Dead End Job Review

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If there is ever a genre that I tend to ignore, it’s the twin stick shooter. This isn’t because it’s bad, or the gameplay isn’t worth investing your time in, no, it’s because I am usually terrible at them. I’ve attempted to play many over the years, and failed every time. Most recently I’ve tried Enter the Gungeon and Ruiner. Both are good indie titles, but I couldn’t get into them as I was truly terrible. When I was given the opportunity to play Dead End Job I was a little reluctant. Could I be fair to a game that I would probably fail at? I looked at some gameplay videos, and the trailer, and fell for its 90s cartoon style charms immediately. It was time to put on my big boy pants and strap myself in for what was likely to be a very bumpy ride.

Dead End Job is developed by Ant Workshop Limited, and published by Headup Games. It’s a procedurally generated twin stick shooter that’s as spooky as it is funny. You play the part of Hector Plasm, a Paranormal Pest Controller. He must bring his friend Beryl Ware back from the dead. The action spans across 5 stages, each has its own unique challenges and progressively more difficult ghosts to capture. You are armed with a plasma rifle, and a hoover. You must defeat all the spooks and suck them up in order to complete the job and earn much needed money.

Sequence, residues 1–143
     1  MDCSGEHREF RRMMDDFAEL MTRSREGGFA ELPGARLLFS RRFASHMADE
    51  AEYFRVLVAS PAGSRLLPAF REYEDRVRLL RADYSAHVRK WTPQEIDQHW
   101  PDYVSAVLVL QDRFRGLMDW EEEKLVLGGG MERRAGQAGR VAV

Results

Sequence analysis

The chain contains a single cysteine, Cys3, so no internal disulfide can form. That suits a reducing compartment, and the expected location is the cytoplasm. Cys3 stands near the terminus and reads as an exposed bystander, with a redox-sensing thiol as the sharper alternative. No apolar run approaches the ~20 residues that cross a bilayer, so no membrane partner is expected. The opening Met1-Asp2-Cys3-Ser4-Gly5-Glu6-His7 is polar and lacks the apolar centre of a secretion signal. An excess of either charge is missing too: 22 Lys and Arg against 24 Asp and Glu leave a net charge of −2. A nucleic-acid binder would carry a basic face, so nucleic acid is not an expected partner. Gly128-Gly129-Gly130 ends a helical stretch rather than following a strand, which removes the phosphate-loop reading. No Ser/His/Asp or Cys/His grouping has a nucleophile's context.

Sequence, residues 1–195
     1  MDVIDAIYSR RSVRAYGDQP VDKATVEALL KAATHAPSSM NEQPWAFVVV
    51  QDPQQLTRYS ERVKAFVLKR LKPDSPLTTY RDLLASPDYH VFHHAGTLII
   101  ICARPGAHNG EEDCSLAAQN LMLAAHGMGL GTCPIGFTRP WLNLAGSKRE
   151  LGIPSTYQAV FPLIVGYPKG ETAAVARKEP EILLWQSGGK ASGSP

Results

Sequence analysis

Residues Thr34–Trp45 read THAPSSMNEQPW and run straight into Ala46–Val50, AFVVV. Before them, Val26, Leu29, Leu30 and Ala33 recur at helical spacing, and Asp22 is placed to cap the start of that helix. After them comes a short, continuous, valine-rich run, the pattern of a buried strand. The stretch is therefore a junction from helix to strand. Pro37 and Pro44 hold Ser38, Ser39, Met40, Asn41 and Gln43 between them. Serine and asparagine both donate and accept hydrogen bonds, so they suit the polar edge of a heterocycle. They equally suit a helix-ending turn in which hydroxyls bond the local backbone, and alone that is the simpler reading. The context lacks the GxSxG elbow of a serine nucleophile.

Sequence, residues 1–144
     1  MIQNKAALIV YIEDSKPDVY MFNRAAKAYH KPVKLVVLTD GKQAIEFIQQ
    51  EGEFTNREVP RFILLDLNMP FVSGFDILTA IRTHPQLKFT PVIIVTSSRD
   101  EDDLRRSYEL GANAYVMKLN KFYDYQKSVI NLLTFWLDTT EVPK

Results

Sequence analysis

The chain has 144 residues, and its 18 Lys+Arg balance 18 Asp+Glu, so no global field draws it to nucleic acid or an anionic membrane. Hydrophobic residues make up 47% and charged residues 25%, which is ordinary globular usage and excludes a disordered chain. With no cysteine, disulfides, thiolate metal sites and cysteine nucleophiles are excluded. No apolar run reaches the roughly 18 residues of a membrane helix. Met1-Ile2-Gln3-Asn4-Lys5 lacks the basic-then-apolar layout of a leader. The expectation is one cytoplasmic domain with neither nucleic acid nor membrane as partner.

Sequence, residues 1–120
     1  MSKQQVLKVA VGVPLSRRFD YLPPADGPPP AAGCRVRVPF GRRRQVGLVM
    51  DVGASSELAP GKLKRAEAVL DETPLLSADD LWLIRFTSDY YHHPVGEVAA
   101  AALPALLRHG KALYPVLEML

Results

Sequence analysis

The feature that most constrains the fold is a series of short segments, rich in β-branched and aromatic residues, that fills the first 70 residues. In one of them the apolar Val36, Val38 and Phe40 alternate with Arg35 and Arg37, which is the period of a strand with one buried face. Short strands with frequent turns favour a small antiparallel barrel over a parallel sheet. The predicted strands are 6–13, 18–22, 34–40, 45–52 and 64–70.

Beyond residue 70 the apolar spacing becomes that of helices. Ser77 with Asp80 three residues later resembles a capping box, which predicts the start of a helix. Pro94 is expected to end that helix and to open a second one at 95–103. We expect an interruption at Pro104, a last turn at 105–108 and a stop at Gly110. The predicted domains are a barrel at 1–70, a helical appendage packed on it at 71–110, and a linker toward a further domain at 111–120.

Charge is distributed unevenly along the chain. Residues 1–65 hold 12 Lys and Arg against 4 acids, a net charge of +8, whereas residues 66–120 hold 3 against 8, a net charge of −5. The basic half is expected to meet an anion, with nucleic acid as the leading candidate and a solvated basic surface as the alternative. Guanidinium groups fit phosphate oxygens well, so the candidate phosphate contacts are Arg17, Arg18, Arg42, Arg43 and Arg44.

I spent all my ghost hunting time playing solo, but if you have a friend who wishes to join in, then couch Co-op is an option. As a solo player, you control the games main protagonist Hector Plasm. He’s quite the sizable unit, and a bit simple. His ghost catching career has yet to take off, and therefore he is employed as a lowly 1 star worker. As you capture the undead you gain experience, which in turn gets you promoted. Promotion enables you to select from 1 of 3 random perks at a time. They add a variety of in-game boosts, and can massively increase, or decrease the game’s difficulty depending on which you choose. If you happen to lose your life to the undead that you are hunting, then you will get demoted. All your hard work will be undone, so take care. To help you battle through each job, random items can be found from shields, weapons and food. You can only carry 2 items at a time, and sometimes not everything is how it seems, so make your choices wisely.